Learn how you can stall the development of full-blown Multiple Myeloma with evidence-based nutritional and supplementation therapies.
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You or a family-member has been diagnosed with MGUS aka monoclonal gammopathy of undetermined Significance. You may be wondering if MGUS “runs” in families. According to the two studies linked below, relatives of MGUS patients have a higher risk of being diagnosed with MGUS themselves.
The devil is in the detail as the saying goes.
Monoclonal gammopathy of undetermined significance or MGUS (pre-myeloma) at a glance-
When I was diagnosed with multiple myeloma (MM), I had no increased genetic risks such as a relative with Monoclonal Gammopathy of Undermined Significance or MM but I did have HPV and I did work in a printing plant, both of which increase one’s risk of MM. Conventional therapies such as aggressive chemotherapy and an autologous stem cell transplant (ASCT) did little for me other than give me short, long-term and late stage side effects.
My point is that being diagnosed with MM, to a large degree, is beyond our control. However, once someone is diagnosed with MGUS there are evidence-based, non-toxic therapies that research has shown can reduce the risk of a full-blown MM diagnosis.
If you do not want to “watch and wait” to see if your pre-MM progresses to Multiple Myeloma please watch the short video below:
Consider MGUS Therapies such as:
“Monoclonal gammopathy of undetermined significance is present in ∼2% of individuals age >50 years. The increased risk of multiple myeloma (MM) in relatives of individuals with MGUS is consistent with Monoclonal gammopathy of undetermined significance being a marker of inherited genetic susceptibility to MM.
Common single-nucleotide polymorphisms (SNPs) at 2p23.3 (rs6746082), 3p22.1 (rs1052501), 3q26.2 (rs10936599), 6p21.33 (rs2285803), 7p15.3 (rs4487645), 17p11.2 (rs4273077), and 22q13.1 (rs877529) have recently been shown to influence MM risk.
To examine the impact of these 7 SNPs on Monoclonal gammopathy of undetermined significance , we analyzed two case-control series totaling 492 cases and 7306 controls. Each SNP independently influenced Monoclonal gammopathy of undetermined significance risk with statistically significant associations (P < .02) for rs1052501, rs2285803, rs4487645, and rs4273077. SNP associations were independent, with risk increasing with a larger number of risk alleles carried (per allele odds ratio, 1.18; P < 10(-7)). Collectively these data are consistent with a polygenic model of disease susceptibility to Monoclonal gammopathy of undetermined significance .”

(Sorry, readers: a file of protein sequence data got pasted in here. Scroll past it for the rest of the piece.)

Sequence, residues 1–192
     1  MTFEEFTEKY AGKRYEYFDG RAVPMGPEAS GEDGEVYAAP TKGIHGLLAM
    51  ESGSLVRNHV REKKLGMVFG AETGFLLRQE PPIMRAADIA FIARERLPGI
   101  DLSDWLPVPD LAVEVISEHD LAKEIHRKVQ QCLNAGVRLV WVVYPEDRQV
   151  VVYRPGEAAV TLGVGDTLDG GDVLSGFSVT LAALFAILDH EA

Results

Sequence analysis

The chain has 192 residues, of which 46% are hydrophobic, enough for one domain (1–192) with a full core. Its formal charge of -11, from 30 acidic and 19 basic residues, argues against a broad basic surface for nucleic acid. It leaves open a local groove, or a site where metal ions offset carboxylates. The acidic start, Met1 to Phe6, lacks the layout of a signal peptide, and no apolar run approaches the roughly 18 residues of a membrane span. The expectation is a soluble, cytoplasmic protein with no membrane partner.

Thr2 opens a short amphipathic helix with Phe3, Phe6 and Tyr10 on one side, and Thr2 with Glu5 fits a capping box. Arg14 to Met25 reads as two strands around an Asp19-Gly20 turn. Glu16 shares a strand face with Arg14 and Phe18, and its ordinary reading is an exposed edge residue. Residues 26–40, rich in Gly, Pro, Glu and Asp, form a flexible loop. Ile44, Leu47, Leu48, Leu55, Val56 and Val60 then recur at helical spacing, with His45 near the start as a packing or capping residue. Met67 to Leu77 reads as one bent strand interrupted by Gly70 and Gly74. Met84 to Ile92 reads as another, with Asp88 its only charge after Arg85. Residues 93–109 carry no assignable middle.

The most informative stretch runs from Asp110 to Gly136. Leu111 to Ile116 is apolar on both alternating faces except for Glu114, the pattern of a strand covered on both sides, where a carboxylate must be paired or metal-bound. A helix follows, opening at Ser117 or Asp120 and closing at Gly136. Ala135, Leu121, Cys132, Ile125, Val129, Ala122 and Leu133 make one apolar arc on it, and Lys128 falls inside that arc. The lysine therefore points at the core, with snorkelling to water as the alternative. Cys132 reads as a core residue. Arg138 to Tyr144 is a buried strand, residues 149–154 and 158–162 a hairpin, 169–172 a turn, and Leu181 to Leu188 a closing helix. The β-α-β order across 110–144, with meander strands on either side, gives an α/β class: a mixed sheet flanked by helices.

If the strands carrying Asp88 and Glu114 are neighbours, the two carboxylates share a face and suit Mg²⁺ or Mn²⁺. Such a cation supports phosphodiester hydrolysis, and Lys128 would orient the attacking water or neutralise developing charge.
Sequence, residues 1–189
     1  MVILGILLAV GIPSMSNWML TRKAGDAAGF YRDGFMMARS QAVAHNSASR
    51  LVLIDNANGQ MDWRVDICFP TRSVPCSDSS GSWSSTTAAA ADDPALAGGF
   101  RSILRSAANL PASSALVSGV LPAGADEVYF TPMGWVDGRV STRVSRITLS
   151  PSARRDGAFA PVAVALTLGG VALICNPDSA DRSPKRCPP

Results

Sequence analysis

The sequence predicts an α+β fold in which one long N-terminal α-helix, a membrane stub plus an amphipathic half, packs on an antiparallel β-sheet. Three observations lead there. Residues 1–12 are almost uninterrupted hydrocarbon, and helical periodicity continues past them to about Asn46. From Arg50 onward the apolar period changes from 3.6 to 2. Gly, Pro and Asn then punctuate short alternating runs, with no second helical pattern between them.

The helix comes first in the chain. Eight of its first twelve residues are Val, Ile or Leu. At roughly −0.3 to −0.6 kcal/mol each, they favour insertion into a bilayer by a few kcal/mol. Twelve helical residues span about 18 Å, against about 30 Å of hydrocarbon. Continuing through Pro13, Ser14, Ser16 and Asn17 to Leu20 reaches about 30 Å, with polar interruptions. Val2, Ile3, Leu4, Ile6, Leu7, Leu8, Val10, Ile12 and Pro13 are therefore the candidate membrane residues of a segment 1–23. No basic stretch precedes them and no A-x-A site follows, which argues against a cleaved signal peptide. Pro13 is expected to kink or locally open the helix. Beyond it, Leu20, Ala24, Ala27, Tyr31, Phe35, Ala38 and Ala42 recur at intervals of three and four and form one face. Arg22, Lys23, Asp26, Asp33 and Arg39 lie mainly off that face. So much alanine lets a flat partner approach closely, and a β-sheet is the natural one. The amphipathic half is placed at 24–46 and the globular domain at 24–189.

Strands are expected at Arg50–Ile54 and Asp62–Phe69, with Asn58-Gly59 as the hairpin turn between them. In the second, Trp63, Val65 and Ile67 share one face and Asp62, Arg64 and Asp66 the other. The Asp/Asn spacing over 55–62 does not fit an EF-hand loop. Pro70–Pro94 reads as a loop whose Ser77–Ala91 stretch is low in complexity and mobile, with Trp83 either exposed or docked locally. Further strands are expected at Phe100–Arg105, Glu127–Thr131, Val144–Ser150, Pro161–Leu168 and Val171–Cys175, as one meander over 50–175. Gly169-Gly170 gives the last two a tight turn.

“Monoclonal gammopathy of undetermined significance (MGUS), a precursor to multiple myeloma (MM), is one of the most common premalignant conditions in the general population. The cause of MGUS is largely unknown.
Recent studies show that there is an increased prevalence of MGUS in blood relatives of persons with lymphoproliferative and plasma cell proliferative disorders, suggesting presence of shared underlying genetic influences.
In the past few years, additional studies have examined risk factors and biologic characteristics that may contribute to the increased prevalence of MGUS among relatives of probands with MGUS, MM, and other blood malignancies…
The largest study to date that provided comparative data was an investigation of a Swedish population that examined the increased risk of both plasma cell and lymphoproliferative disorders among first-degree blood relatives of persons with and without MGUS.8
This population-based investigation involved 14 621 relatives of 4458 patients with MGUS and found an increased risk of MGUS among relatives of probands, compared with 58 387 relatives of 17 505 controls without MGUS (relative risk [RR] = 2.8; 95% CI, 1.4-5.6). ..
A similar study was conducted at the Mayo Clinic to assess the prevalence of MGUS in first-degree blood relatives of MM and MGUS probands.9 Relatives of 232 MM and 97 MGUS probands were studied. Serum samples from 911 blood relatives were screened for MGUS with the use of electrophoresis and immunofixation.
MGUS was detected in 6% of relatives (age- and sex-adjusted prevalence of 8.1%; 95% CI, 6.3-9.8). With the use of the Olmsted County MGUS prevalence study as a reference, it was found that relatives had a higher prevalence of MGUS, with a risk ratio of 2.6 (95% CI, 1.9-3.4) compared with the general population.
This increased risk was seen both in relatives of MM probands (RR = 2.0; 95% CI, 1.4-2.8) and MGUS probands (RR = 3.3; 95% CI, 2.1-4.8)…